Economics of the mad house
According to the weekly trade newspaper the Morning Advertiser (18 March), Molson Coors will raise pub prices of its beer by 7 pence a pint with immediate effect. With brilliant timing, this comes just two weeks before the government's Budget, when Chancellor Alistair Darling is expected to increase beer duty by 5%.
Molson Coors' decision has been driven by its need to tackle the problem of wafer-thin margins. The group brews a mighty 6.8 million barrels a year but its profits amount to just one penny a pint.
The reason for Molson Coors' parlous profits situation is that it sells beer to supermarkets at enormous discounts. The prices are sometimes so low that beer is sold as a loss leader, cheaper than bottled water. The supermarkets have the big brewers over a barrel: when Molson Coors raised the price of Carling to Tesco in March 2009, the supermarket group promptly de-listed the brand. It lasted just six weeks: Carling was soon back on Tesco shelves and we can guess who blinked first, brewer or retailer.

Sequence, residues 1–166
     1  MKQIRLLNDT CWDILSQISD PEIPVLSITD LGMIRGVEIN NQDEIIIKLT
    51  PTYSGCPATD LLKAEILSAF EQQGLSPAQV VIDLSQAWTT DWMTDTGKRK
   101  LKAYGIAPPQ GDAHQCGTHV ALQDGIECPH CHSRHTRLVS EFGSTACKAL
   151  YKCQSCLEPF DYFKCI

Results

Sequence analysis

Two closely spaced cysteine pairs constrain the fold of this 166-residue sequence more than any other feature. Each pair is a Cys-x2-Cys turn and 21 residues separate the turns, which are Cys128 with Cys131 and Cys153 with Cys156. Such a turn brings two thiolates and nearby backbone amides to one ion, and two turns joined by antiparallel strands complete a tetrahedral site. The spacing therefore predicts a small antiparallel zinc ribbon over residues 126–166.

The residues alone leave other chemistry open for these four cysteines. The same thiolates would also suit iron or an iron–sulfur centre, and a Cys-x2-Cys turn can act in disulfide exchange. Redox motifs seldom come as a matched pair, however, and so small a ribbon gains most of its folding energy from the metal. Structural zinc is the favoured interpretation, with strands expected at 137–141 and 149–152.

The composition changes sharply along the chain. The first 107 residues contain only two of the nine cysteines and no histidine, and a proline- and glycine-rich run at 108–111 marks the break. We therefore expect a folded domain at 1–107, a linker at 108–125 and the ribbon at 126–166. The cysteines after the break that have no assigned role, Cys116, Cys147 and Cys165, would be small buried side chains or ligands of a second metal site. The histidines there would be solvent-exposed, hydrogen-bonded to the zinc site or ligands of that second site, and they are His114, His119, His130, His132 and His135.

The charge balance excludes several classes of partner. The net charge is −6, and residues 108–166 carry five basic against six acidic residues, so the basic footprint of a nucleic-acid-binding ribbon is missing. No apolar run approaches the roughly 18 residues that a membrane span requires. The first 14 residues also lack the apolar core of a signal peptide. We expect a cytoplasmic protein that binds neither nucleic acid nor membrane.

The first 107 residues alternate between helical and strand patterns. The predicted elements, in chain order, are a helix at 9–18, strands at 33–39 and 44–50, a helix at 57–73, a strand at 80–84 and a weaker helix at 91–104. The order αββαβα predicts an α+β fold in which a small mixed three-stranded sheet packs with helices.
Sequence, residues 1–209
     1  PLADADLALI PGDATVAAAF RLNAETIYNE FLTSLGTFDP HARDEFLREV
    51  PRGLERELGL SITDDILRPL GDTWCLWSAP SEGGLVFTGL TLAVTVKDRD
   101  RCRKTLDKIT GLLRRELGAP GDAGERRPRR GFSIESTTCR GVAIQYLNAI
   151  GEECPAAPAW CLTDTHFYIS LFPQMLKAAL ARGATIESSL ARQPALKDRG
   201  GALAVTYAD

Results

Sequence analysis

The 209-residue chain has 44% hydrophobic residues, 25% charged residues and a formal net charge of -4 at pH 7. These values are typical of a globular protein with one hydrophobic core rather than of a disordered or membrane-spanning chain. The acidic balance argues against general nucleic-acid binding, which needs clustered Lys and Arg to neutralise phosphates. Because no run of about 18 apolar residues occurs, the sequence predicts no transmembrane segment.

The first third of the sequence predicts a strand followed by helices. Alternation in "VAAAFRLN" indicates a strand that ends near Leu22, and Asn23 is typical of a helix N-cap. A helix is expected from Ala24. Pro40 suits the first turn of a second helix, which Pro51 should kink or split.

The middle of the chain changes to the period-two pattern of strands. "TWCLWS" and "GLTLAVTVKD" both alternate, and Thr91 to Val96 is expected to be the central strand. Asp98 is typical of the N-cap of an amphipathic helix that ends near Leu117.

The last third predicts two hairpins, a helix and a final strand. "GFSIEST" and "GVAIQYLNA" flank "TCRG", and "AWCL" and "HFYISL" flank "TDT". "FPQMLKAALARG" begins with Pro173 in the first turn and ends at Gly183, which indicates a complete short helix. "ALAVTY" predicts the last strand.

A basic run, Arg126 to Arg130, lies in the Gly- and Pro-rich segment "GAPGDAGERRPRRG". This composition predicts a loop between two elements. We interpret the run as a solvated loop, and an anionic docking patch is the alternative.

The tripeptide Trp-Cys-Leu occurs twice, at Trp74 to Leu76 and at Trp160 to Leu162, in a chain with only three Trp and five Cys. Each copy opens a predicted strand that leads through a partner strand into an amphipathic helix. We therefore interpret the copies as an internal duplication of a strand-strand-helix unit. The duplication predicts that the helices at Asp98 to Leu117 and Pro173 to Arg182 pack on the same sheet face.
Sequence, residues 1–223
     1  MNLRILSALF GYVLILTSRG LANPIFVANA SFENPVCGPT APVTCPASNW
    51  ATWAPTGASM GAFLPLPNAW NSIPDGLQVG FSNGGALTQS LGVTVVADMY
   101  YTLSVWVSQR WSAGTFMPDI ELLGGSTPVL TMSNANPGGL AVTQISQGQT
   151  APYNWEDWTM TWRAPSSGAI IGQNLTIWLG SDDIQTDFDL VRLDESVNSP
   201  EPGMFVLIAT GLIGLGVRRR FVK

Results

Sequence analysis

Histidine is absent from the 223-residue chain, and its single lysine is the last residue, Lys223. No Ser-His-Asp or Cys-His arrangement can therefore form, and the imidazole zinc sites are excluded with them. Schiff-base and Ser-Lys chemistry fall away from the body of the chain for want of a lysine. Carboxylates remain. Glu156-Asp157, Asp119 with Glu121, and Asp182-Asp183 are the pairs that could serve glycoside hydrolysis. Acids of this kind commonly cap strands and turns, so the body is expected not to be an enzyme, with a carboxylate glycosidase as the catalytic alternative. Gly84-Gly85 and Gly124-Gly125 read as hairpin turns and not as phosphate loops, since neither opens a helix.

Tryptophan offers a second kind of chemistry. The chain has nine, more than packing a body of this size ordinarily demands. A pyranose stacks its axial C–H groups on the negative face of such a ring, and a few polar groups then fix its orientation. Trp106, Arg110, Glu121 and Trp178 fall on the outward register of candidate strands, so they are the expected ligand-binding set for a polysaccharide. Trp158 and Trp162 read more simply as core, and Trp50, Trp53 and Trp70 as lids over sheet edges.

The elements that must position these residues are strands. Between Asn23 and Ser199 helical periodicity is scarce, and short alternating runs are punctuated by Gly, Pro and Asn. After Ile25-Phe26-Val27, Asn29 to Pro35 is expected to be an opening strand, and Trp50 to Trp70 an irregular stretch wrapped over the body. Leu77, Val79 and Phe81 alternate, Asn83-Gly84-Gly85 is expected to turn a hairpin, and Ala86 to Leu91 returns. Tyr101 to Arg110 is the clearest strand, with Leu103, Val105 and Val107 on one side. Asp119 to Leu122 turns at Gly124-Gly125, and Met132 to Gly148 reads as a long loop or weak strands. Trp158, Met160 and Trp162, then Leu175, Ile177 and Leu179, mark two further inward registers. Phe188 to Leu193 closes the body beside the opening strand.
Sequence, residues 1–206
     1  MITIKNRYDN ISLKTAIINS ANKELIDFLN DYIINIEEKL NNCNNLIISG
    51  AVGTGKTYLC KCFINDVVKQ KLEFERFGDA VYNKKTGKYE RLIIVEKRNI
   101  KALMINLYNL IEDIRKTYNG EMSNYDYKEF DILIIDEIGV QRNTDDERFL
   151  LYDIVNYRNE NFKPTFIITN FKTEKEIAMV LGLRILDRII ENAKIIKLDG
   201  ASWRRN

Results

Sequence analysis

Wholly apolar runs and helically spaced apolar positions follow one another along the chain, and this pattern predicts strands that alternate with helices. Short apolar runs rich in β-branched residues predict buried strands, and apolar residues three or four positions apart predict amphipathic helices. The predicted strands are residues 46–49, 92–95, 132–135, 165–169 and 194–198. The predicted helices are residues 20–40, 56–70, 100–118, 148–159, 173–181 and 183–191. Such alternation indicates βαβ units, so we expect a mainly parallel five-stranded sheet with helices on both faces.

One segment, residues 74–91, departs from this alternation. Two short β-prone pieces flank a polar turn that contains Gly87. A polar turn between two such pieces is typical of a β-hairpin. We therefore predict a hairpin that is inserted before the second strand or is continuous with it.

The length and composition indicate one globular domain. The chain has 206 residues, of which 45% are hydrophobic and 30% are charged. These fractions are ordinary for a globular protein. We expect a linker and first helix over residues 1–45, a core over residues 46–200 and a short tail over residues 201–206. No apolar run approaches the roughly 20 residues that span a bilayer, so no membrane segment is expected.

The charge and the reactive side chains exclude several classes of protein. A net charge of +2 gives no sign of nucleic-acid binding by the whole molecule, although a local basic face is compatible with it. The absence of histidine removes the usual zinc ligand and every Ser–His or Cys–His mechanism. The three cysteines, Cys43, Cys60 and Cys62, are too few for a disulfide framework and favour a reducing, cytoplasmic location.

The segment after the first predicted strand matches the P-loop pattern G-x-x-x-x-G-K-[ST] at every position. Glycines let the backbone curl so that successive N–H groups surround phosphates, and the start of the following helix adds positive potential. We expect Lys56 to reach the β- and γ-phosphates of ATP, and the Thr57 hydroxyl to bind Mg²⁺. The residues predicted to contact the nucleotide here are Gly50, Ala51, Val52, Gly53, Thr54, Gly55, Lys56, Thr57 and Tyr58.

And as always it's the battered pub and pub customers who pay the price for this economic lunacy. Instead of facing down the supermarkets and forcing them to pay realistic prices for beer, Molson Coors makes pub drinkers pay a heavy price for draught beer.
It's worth comparing a global giant such as Molson Coors with a successful regional like Fuller's of west London. Fuller's brews 200,000 barrels a year -- as Molson Coors would say, "we spill more beer than Fuller's makes". Yet the family-owned brewery had to warn the Stock Exchange earlier this year that its profit figures for the previous year would be higher than expected as a result of its success.
Will the global giants learn the economic facts of life or will one of them eventually go out business, a victim of supermarket greed?